I don’t know about you but I’m the sort of person who always likes to go off exploring. If I see an open door or gate then I have to take a peek inside. I’ve seen some fascinating places by doing so and so far not got into serious trouble.
I was in London a week or two and near St. Pauls there is a rather innocuous looking door which was open. I had been hear before but very well remembered my initial curiosity a few years ago when I sneaked inside for the first time.
If you go inside then it takes you to something perhaps unexpected in the heart of old London, a secret garden.
On a day like that day it offered a wonderful cooling shade whilst in the winter it shelters against the wind and if you catch some sunshine then you can get a bit snug. There are even some covered areas for the rain and they also house some interesting artefacts including a bit of old Roman road.
This garden features in my Secret Gardens of the City of London book so I’d obviously spent some time there and without exception, I have always had the place to myself and I like a bit of peace and quiet in London, though recently everywhere has been peaceful and quiet.
One of the objects I’ve always meant to get to the bottom of is a curious looking old stone which featured what I thought my cuneiform script. I’ve always been too busy or simply distracted or forgotten about it to investigate it.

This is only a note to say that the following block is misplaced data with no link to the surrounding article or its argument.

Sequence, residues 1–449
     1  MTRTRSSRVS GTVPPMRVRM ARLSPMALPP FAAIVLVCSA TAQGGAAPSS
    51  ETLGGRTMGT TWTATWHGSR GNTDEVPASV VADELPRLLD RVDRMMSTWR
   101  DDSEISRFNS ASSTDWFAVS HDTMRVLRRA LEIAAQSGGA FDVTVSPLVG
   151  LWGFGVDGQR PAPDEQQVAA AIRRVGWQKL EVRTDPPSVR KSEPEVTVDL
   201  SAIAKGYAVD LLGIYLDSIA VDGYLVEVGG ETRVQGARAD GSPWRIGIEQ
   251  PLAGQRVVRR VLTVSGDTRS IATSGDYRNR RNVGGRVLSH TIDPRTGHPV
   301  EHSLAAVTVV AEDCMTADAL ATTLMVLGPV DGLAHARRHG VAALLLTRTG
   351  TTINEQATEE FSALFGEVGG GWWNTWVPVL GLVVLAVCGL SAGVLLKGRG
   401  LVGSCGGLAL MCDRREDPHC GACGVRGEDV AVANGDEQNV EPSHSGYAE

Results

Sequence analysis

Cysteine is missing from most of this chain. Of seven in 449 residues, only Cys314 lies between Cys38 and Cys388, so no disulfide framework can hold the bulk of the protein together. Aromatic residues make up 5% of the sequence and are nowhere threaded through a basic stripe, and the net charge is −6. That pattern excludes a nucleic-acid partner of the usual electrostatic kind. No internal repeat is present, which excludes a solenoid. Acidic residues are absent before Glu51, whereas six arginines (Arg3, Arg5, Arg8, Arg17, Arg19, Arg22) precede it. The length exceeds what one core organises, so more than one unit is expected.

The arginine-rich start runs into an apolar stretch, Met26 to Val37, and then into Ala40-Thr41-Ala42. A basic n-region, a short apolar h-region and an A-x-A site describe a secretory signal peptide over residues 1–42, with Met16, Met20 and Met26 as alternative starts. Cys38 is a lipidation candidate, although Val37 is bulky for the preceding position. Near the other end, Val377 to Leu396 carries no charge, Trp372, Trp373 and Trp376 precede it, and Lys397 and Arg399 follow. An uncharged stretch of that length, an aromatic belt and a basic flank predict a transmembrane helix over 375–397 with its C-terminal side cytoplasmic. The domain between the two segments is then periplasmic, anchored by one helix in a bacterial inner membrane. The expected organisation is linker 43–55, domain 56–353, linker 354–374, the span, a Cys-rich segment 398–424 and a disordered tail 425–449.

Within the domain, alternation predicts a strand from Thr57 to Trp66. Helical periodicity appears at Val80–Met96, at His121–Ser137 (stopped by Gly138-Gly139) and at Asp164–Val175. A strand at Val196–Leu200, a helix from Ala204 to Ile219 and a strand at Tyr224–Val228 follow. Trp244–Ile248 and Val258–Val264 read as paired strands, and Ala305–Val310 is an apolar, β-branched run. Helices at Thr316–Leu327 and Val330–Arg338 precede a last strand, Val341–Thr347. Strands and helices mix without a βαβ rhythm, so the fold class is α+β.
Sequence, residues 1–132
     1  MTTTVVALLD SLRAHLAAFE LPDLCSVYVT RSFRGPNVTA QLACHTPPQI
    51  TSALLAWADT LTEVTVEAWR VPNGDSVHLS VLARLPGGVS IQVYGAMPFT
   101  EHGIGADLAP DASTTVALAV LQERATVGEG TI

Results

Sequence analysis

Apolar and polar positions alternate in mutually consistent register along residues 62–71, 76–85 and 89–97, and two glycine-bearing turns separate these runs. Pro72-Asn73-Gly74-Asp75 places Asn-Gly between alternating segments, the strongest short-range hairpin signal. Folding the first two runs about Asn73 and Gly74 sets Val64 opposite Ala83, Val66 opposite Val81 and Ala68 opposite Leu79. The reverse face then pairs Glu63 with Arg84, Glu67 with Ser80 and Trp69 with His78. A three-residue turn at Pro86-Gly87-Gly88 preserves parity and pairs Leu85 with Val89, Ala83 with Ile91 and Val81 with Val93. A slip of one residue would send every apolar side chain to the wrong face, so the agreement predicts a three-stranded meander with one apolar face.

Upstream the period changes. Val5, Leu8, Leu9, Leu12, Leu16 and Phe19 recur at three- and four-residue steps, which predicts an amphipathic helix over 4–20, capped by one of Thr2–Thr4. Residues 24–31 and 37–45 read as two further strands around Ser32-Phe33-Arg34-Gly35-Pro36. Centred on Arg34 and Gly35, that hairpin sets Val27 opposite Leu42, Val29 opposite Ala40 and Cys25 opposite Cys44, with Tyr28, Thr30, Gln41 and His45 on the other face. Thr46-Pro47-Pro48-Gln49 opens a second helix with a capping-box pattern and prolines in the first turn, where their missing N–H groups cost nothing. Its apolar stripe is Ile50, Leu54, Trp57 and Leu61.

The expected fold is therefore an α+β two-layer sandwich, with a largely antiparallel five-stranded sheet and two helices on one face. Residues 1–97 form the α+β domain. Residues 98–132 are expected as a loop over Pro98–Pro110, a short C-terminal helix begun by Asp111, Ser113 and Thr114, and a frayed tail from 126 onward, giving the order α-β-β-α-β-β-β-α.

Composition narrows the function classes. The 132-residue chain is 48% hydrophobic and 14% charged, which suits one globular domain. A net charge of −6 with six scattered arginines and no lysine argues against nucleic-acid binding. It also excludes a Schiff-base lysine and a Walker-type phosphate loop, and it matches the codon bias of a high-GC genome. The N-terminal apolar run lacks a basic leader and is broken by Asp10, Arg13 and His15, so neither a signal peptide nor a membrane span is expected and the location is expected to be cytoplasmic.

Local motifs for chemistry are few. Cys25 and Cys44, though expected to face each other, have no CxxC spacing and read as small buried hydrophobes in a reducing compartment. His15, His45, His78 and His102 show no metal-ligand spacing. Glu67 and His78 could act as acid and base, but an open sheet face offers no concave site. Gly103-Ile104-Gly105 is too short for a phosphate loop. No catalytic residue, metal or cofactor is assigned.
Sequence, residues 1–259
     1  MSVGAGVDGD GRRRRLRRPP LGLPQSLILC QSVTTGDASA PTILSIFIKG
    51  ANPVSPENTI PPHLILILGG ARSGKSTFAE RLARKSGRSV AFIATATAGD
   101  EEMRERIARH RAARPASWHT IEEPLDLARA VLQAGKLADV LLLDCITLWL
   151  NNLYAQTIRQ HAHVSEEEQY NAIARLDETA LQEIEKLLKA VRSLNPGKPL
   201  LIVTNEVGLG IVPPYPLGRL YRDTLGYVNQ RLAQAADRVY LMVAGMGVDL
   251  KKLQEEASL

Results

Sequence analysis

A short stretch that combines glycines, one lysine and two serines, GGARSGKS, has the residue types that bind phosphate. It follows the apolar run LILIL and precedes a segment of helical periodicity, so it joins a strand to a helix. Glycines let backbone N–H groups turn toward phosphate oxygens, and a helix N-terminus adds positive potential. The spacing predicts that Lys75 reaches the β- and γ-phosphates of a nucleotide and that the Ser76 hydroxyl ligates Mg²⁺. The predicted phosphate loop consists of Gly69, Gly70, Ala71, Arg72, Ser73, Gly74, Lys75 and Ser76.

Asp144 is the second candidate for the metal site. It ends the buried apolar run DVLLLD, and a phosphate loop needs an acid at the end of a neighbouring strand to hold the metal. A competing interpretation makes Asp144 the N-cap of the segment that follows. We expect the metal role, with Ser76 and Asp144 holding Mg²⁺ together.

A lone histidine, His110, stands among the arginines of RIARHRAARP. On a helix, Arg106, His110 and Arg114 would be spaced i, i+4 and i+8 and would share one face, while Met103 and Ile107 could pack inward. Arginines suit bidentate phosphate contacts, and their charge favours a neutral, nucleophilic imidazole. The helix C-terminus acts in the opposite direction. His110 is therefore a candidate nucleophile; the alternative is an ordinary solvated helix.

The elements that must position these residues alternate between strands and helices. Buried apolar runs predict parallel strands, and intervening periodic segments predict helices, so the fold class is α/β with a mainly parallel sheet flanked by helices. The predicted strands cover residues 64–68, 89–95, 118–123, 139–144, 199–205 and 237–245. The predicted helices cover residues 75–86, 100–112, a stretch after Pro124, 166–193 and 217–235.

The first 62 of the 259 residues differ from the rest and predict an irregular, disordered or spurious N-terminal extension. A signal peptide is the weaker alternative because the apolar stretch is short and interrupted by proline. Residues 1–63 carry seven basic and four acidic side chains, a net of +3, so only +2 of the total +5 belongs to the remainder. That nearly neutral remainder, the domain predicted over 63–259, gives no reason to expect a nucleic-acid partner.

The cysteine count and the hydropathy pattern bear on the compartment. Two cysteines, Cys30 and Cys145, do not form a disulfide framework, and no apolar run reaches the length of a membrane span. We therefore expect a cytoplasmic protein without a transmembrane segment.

Having studied Middle-East history I was glad to find that the writing is in Cuneiform…. I mean how often do even history people see Cuneiform writing unless they work with them every day in museums or archaeological digs.
The lump of stone is actually a baked brick and it is from a 9th century BC Zigurrat in modern day Iraq. It was presented to Canon Mortlock, marking his work with novelist Agatha Christie and her husband, archaeologist Sir Max Mallowan and was found during his 1950-65 dig on the site.
The brick bears the name of Shalmaneser who reigned from 859 to 824 BC. A zigurrat is type of ancient pyramid like building used for mainly religious purposes and Cuneiform was a writing script used in the ancient Near and Middle East originating in around 3400BC. Along with Egyptian hieroglyphs is one of the earliest known writing systems.
I’ve always wanted to visit a Ziggurat and now I still want to visit a more complete one and a Zoroastrian fire temple! It’s little discoveries like this that keep getting me into mischief!